The Wall Street Journal reports on the Left's bittersweet legislative victories:
On questions such as Mr. Mukasey's stance on waterboarding, warrantless wiretapping and the war in Iraq, Democrats have been stymied by Republicans in Congress and the White House. That has sparked frustration among supporters, especially those on the left, who anticipated that last year's congressional takeover would force some policy changes.
These dashed expectations are one reason polls give Congress an approval rating lower than Mr. Bush's. The difficulties faced by Democrats on these issues look certain to complicate the party's bid to expand House and Senate majorities and regain the White House in 2008, a wartime election in which national security will be a major issue.
Polls show that an important reason for the low Congressional approval rating is that Democrats are even more dissatisfied with Congress than are Republicans. That apparently reflects dissatisfaction among core liberals that the Congress has not stopped the war, has given in on FISA, etc. A significant question that will help decide what happens on election day, 2008 is what does that liberal base do if it determines that it has been abandoned by the Democratic nominee?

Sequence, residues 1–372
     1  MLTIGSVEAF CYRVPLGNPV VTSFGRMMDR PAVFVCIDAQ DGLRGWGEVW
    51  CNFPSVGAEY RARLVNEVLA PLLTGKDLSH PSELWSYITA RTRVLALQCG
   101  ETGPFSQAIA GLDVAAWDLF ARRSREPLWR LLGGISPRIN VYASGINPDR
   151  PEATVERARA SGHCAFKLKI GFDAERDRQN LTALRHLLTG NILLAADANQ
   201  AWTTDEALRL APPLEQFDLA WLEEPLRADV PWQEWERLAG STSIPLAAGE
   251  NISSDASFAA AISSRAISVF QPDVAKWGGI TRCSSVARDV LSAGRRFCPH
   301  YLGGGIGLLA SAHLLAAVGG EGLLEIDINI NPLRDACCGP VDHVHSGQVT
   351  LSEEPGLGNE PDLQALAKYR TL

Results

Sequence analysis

In 2006, liberals seemed to hold their noses and vote for any Democrat. Is that what they will do in 2008 -- put victory ahead of principle? Or will they decide that Hillary (or whoever) is as bad as the GOP nominee, and cast their votes for Cynthia McKinney, or Ralph Nader, or whomever? Seeing just how those 5-10 percent of Democrats go may decide the presidency.
I say 'may' because it's not clear to me that the Democratic nominee will be close enough to the Republican to make it matter. I have argued before that the Democrats' retain a fundamental weakness on national security, which is not reflected in current polls. I believe that the GOP candidate is likely to have a significant edge on the issue that may be the most important one on election day 2008 -- an edge not reflected in current polls, where Americans respond based on the Bush presidency and the war in Iraq. At this time next year, the picture may be very different.